French personnel were checked for radioactivity after tests
There is no shortage of people who were present at nuclear tests and now suffer from health problems that, it is widely accepted, could have been induced by ionising radiation.
But when it comes to scientifically proving a definite causal link between illness and radioactive contamination, uncertainty is never far away.
For example, the United Nations only accepts that one illness - child thyroid cancer - can be definitely ascribed to the fallout from the Chernobyl nuclear accident.
The only cases in which a link between a nuclear bomb and illness is rarely questioned are those of Japanese civilians in Hiroshima and Nagasaki exposed to more than 100 millisieverts (mSv) of radiation.
Exposure at nuclear test sites was generally much lower.
"At the moment there is no epidemiological study that has shown a rise in the number of cancers in veterans," says Patrick Gourmelon, a scientist at the French Institute of Radioprotection and Nuclear Safety.
"On the other hand - and here there is a total consensus - we know that with nuclear tests, if one does not protect oneself properly against the effects, there is an increasing risk in the long term for a certain number of identified cancers."
The French government's nuclear test compensation bill is an acknowledgement of this heightened risk for 18 types of cancer listed by the UN.
Studies in Japan also show that there could also be a higher incidence of cardio-vascular problems among those exposed to radiation from nuclear weapons, a link that Mr Gourmelon says is "not proved but strongly suspected".
The French government says that during testing it took all the protective measures for military and civilian personnel considered necessary at the time.
Veterans say there was little awareness of health risks at test sites
But the veterans themselves often remember what they say was a casual approach to safety, telling stories of people dressed in light cotton shorts being sent into contaminated areas.
And in the time since the tests, the perception of risk has changed, eventually arriving at an internationally accepted principle of keeping radiation exposure "as low as reasonably achievable".
There was an important shift, experts say, when the issue stopped being seen as one that centred on physics - the level of radiation to which people are exposed - and the much more complex issue of the biological transformation of cells was taken into account.
It is thought that there is generally a linear relationship between the level of exposure and risk - with risk increasing proportionately as exposure rises - but there is much uncertainty about what the affects of low doses might be, since cells could either repair problems or pass them on.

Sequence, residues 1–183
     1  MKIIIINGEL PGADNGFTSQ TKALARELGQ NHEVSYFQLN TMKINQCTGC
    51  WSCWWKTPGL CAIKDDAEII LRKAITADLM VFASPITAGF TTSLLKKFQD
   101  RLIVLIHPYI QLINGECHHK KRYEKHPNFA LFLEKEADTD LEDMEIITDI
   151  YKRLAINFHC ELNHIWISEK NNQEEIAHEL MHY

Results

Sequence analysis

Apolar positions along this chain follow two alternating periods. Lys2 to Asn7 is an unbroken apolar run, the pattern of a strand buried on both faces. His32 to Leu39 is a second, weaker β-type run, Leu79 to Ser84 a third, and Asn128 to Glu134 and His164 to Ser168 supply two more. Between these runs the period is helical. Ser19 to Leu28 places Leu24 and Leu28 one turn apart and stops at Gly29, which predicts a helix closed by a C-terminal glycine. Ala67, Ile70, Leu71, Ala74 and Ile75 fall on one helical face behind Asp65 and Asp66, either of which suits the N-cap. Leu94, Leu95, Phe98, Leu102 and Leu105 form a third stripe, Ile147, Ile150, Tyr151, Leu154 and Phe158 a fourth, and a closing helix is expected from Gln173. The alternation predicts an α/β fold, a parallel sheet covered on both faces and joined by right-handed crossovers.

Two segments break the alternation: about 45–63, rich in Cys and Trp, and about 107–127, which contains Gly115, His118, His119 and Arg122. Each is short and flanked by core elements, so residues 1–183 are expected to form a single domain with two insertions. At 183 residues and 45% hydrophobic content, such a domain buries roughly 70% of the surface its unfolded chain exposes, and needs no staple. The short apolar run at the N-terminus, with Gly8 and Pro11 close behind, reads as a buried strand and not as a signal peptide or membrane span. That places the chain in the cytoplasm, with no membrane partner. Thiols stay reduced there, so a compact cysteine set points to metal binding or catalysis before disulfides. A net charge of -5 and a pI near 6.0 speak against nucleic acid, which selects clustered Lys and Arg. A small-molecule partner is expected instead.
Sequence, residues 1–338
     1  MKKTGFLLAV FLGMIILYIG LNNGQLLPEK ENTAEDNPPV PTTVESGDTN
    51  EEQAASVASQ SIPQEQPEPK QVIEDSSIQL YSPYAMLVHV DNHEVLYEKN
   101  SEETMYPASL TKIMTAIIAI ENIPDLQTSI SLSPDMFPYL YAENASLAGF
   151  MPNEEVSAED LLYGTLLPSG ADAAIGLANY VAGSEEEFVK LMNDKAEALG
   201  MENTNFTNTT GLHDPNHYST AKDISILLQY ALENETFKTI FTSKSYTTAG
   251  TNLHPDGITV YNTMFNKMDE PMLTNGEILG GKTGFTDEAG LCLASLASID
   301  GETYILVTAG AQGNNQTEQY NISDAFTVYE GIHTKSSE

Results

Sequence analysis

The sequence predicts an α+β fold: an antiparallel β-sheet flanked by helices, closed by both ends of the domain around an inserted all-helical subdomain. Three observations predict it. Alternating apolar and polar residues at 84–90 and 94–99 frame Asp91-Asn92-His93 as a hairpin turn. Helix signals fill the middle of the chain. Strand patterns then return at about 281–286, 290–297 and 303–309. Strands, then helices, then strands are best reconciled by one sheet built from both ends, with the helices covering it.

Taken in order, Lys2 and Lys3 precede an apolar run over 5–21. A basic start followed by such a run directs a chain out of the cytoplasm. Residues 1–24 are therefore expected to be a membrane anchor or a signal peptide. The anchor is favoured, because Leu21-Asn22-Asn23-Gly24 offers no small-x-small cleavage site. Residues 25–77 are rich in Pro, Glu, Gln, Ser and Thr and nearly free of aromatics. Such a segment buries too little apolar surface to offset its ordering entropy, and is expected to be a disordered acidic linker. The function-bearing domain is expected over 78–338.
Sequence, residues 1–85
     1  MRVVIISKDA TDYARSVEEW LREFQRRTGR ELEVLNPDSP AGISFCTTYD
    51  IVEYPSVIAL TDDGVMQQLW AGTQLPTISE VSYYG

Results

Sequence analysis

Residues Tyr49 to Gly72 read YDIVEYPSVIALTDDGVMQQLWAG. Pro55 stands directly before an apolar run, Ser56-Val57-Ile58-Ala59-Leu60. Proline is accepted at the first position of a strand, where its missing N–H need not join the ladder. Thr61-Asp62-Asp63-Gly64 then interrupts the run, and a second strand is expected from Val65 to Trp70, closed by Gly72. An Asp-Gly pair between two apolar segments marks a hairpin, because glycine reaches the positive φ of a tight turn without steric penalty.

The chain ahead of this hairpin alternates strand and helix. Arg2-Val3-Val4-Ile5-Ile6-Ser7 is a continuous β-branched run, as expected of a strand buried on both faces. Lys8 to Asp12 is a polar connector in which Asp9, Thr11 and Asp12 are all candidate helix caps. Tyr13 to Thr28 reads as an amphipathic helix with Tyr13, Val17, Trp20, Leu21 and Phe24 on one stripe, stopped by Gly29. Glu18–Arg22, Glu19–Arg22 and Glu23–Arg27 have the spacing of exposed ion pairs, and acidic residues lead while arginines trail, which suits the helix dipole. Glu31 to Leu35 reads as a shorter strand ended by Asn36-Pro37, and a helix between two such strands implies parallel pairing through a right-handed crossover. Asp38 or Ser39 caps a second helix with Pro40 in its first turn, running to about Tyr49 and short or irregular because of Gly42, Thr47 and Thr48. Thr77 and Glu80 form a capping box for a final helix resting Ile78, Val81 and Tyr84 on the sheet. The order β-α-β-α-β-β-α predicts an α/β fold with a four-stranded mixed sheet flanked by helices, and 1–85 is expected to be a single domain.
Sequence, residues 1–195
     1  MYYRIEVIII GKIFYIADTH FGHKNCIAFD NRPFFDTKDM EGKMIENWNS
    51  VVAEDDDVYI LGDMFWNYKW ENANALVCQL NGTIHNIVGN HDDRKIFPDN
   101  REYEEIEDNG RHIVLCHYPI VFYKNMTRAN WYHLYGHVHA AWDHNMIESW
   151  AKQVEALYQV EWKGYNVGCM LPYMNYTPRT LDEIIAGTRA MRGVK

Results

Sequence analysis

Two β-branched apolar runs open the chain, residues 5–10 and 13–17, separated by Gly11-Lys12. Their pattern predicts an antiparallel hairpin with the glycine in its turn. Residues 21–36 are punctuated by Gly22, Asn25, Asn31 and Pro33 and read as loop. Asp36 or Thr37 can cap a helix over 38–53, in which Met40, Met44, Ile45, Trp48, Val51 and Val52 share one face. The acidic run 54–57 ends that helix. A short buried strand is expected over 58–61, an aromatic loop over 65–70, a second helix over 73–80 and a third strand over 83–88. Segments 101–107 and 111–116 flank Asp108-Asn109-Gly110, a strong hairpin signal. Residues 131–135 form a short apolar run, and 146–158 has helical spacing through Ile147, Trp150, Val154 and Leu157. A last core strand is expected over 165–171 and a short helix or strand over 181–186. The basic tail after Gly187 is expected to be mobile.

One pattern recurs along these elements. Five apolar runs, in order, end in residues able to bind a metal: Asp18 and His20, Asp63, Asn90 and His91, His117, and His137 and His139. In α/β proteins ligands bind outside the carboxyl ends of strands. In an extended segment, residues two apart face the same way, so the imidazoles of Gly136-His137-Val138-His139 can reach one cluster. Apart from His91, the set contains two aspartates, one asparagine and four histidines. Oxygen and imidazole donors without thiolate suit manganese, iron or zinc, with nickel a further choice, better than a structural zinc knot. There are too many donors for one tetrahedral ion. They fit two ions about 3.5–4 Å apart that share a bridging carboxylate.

"You can make reasonable arguments that the relationship is approximately linear, but biological mechanisms are complex and still under intense laboratory research," says Malcolm Crick, secretary of the UN scientific committee on the effects of atomic radiation.
"Right now we don't know conclusively if taken together they would imply linear, a higher risk than linear or a lower risk than linear at these low doses."
Understanding of how damaged cells can pass on this damage to future cells is helping to "explain the very significant delays between the moment radiation took place
and the moment that the illness appears," says Abraham Behar, a professor of nuclear medicine and radiobiology in Paris.
But he adds: "It's because this delay can last 30 or 40 years that it is so difficult to recognise the effects in veterans."
Among 1,800 surviving veterans in France who sent in details of their health to the veterans' association there was an unusually high incidence of certain types of cancers and heart problems - especially among those who took part in atmospheric tests. The results were similar to those for British veterans.
Many of the French veterans also said they were sterile or had children with congenital disorders. Local populations living near the test sites have reported the same problems.
Scientists say no such effect was seen in Japan, and that the idea that health problems could be passed between generations is therefore doubtful, but they do not rule it out.
"We think reproductive cells are so sensitive to radiation that they are killed," says Claude Parmentier, a former head of nuclear medicine at the Gustave-Roussy institute who treated people living near nuclear test sites in French Polynesia.
If they were killed there would be no question of damage being passed on.
But he adds: "There could well be small, micro-lesions that grow with time and that can indeed be a threat for the descendants."
It is among the 10,000 or so test-site workers from French Polynesia "that we can clearly see that there are more health problems than among the rest of the population," says Mr Behar.
But many people at these and other test sites around the world would only have been exposed to the sort of levels of radiation that could occur naturally.
"People think of radiation as something special and extremely dangerous but in fact we're all bathed in radiation from natural sources, such as cosmic rays, as well as being exposed to more common artificial sources such as medical X-rays," says Mr Crick.
"An increase in radiation dose that is a fraction of what we get naturally is generally not going to show up in cancer statistics.
"It doesn't mean that there aren't effects, it just means that normally you're not going to be sure there is a real increase."